M: A precise definition and identification of money is elusive in a modern, credit-money economy, and its volume can change either with or without direct central bank intervention. In addition, the monetary authority cannot raise the supply of money without the cooperation of the private sector. Because central banks almost always target interest rates (the price of holding cash) rather than the quantity of money, they tend to simply accommodate demands from banks. When private banks communicate that they need more reserves for loans and offer government debt to the Fed, the Fed buys it. It’s the private sector that is in the driver’s seat in this respect, not the central bank. The central bank’s impact is indirect and heavily dependent on what the rest of the economy is willing to do (which is, incidentally, why all the QE and QE II money is just sitting in bank vaults).
V: The velocity of money is, indeed, related to people’s behavior and the structure of the financial system, but there are discernable patterns. It is not constant even over the short run.
P: While it is true that factors like production bottlenecks can be a source of price movements, the economy is not so competitive that there are not firms or workers who find themselves able to manipulate the prices and wages they charge. The most important inflationary episode in recent history was the direct result of a cartel, i.e., OPEC, flexing its muscle. Asset price bubbles can also cause price increases (as they are now). The key here, however, is that P CAN be the initiating factor–in fact, it has to be, since M can’t.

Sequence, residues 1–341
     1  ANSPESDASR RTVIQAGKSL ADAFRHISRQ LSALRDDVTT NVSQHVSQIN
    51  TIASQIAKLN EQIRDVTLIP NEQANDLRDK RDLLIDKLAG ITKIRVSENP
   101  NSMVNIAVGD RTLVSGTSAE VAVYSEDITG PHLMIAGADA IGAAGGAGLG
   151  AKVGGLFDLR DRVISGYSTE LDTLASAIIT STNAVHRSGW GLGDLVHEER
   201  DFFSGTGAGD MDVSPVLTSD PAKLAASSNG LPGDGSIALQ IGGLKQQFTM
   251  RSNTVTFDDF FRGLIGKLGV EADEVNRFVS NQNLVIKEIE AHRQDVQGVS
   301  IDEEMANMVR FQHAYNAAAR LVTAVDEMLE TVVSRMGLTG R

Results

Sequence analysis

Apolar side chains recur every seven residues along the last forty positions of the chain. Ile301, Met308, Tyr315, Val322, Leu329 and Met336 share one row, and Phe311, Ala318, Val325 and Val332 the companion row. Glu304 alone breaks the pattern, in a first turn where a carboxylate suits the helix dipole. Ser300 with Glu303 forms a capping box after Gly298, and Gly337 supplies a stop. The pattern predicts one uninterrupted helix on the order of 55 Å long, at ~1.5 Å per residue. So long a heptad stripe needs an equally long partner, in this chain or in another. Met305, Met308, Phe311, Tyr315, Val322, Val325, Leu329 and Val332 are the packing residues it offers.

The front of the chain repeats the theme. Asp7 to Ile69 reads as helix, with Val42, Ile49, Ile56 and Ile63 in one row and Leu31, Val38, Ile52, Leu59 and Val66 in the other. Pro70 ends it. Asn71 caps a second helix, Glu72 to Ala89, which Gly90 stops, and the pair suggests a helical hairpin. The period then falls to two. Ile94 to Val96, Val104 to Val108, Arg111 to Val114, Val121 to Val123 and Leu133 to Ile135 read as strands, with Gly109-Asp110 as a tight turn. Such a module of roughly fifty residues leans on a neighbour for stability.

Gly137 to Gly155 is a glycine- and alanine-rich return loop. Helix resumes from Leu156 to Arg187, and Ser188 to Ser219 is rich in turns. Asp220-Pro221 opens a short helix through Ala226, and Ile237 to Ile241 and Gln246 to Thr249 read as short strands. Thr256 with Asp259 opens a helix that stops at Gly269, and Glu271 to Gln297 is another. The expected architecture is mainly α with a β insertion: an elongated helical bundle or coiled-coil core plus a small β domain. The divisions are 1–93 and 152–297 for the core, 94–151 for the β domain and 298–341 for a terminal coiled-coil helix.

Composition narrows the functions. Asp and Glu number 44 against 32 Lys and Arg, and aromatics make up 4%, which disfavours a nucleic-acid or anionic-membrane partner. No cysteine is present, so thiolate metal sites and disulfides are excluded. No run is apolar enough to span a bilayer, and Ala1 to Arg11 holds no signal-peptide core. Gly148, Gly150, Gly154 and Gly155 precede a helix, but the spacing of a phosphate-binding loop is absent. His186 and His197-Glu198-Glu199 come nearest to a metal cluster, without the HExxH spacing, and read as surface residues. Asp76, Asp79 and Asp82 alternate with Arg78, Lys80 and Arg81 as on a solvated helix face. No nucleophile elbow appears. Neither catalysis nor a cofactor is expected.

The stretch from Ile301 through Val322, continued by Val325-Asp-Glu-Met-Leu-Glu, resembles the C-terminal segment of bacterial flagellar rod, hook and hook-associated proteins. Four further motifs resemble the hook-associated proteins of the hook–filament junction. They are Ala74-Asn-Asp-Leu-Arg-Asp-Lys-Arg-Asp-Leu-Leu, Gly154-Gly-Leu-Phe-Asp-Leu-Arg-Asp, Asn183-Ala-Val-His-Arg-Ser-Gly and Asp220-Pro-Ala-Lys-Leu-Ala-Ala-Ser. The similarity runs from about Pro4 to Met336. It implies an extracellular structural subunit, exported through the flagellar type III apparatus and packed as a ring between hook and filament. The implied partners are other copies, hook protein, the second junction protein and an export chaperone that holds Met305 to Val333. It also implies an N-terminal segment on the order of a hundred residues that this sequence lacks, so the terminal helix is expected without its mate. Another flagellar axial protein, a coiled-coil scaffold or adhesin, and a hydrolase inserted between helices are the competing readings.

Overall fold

y: The economy can and does come to rest at less-than-full employment. Hence, while it is possible for y to be at its maximum, it most certainly does not have to be.
A number of scenarios can be described based on this more realistic alternative and it would be nice to go through each. Unfortunately, as I suggested above, the big problem with this topic is that it takes to long just to reject the popular view! So, I’ll avoid the temptation to write a book here and offer just a quick example (maybe a future post can go over some other interesting possibilities).
As already mentioned, the most important inflationary episode in post-WWII history was that during the 1970s and early 1980s. From 1968 through 1972, consumer price inflation averaged 4.6%. Over the next ten years it was 7.5%. What happened? What caused this sudden and dramatic acceleration in prices? Did the Fed accidentally print too much money? As already explained, that can’t happen–you simply can’t raise the money supply above the demand. M did rise, however, and largely proportionally to the increase in P. This is a much more realistic story of those events.
As the price of oil skyrocketed, so costs of production rose for many, many US businesses. Because there is a lag between purchasing inputs and selling output, most firms have to borrow money (working capital) to bridge the gap. As the ripple effect of the OPEC price increases moved throughout the economy, the demand for cash by these businesses rose. Quite reasonably, private banks and the Fed did what they could to accommodate. These were fair requests on the part of US entrepreneurs. Loans were extended and government debt sold by the private sector to the central bank. This raised the supply of money. Therefore, the rising prices led to an increase in the supply of money and not the other way around. QE, QE II, and the federal government deficit cannot by themselves cause inflation.
And this is how it really works, at least until the Fed starts using helicopters for monetary policy.